Australian police raises alarm over ‘virtual kidnapping’ scams that coerce foreign students to fake their own abductions and trick families into paying ransoms

Australian police have warned universities and Chinese officials about “virtual kidnapping” scams by criminal gangs that coerce foreign students to fake their own kidnappings and trick families overseas into paying ransoms.Police said in a statement that eight students in the state of New South Wales (NSW) were targeted in “virtual kidnapping” scams this year, with overseas relatives paying a total of 3.2 million Australian dollars ($2.3 million) in ransom.

In one case, the father of a 22-year-old Chinese student in Sydney reportedly paid more than $1.4 million after being sent a video of his daughter bound in an unknown location.Another family in China said they paid more than $14,000 after receiving a video of their 22-year-old relative bound and blindfolded via the messaging app WeChat. She was later found by NSW police safe in a hotel room.

The student victims are left “traumatized by what has occurred, believing they have placed themselves, and their loved ones, in real danger,” said NSW Assistant Commissioner Peter Thurtell in a statement.“We have had a spate in the last few months where pretty much every weekend we have had a victim fall for one of these scams,” said Darren Benett, director of the crime command in the state of New South Wales, whose capital is Sydney.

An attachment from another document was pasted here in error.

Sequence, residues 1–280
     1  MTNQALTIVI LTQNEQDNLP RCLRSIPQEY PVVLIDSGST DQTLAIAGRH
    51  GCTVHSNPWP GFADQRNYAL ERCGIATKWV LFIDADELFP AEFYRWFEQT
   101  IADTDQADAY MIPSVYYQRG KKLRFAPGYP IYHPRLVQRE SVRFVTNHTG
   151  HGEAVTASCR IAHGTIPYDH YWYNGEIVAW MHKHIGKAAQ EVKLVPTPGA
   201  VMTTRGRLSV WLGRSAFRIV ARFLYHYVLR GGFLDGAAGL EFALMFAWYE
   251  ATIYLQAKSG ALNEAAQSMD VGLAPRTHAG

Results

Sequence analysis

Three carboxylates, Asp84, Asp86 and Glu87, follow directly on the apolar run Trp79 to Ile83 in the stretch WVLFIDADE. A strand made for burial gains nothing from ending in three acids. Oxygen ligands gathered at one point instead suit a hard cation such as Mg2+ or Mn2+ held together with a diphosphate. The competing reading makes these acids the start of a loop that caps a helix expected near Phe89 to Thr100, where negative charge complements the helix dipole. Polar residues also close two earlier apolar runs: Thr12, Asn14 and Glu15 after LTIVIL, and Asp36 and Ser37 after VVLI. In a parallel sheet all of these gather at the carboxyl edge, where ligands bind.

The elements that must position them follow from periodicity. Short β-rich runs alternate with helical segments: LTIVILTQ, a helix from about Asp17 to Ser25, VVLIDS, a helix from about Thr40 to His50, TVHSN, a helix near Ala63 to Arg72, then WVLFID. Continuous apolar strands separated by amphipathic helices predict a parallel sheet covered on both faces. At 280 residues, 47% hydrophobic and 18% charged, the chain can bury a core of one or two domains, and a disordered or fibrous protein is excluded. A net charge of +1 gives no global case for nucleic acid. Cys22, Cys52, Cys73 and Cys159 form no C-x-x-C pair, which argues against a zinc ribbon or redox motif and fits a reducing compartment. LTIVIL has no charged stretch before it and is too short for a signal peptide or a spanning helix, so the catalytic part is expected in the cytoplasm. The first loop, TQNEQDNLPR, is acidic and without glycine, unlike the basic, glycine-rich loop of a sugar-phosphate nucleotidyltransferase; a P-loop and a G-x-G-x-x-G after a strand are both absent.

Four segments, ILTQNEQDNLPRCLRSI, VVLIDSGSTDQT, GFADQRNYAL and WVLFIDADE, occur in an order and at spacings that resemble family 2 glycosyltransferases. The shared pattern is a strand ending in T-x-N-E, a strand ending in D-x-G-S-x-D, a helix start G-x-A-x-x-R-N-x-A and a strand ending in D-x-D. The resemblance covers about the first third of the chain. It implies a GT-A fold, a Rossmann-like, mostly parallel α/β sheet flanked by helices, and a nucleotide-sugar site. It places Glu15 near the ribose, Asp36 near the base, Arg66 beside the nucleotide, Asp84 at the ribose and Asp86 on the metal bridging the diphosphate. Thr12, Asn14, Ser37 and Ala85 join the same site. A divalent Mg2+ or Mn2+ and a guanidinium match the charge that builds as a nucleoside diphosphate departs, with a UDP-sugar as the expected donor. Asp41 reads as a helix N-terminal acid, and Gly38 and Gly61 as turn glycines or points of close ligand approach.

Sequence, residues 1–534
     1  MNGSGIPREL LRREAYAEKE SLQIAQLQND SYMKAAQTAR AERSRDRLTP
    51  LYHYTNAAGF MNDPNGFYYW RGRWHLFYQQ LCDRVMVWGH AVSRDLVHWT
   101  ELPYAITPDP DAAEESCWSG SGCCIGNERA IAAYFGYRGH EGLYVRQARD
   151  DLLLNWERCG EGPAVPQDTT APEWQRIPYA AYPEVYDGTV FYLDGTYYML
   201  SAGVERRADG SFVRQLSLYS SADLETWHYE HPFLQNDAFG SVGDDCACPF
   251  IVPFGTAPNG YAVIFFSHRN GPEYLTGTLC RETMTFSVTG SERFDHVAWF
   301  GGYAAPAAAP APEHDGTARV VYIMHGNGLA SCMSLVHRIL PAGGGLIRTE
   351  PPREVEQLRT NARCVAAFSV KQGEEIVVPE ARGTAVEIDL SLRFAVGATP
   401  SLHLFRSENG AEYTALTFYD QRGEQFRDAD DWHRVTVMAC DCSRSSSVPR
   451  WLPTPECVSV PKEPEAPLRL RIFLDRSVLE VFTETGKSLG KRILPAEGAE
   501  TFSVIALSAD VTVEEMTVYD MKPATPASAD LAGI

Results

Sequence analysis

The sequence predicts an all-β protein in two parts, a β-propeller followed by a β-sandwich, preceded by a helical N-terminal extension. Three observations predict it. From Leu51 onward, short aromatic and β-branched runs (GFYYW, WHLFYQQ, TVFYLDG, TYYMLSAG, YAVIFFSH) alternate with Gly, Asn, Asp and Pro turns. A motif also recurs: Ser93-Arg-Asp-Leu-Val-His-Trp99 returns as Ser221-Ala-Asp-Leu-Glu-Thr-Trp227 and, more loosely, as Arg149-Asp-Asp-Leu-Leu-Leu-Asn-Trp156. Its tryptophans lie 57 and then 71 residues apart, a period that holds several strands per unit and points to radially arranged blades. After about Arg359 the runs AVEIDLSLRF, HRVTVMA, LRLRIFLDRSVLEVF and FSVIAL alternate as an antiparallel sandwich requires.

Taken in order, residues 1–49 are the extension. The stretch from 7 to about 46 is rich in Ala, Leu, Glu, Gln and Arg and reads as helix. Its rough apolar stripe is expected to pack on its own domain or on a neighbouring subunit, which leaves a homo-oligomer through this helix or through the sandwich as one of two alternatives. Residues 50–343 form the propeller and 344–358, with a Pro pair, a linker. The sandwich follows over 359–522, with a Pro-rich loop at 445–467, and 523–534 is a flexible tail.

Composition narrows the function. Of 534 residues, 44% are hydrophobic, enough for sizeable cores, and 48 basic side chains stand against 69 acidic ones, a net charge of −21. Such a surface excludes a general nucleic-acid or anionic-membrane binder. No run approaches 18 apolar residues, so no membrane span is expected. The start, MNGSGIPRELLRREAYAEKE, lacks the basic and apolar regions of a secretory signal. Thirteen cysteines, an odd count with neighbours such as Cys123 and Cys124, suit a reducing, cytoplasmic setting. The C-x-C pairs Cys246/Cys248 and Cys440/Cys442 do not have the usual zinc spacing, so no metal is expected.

“If you get one of these phone calls, hang up, ring the police, ring your university, but just don’t pay any money,” he added in a televised news conference.The NSW police said that scammers were targeting vulnerable members of the Chinese-Australian community. Scam perpetrators call intended victims in the guise of a local Chinese official to warn they have been implicated in a crime in China and must pay a fee to avoid legal action, arrest, or deportation, police said.Some scammers tell victims to sever contact with family and friends, rent a hotel room and take pictures or video recordings of themselves bound and blindfolded, and then send the images to their relatives overseas to exert pressure, the police added.“We need to take into account the cultural factors and the fact that the scams are very polished,” said state police official Peter Thurtell.

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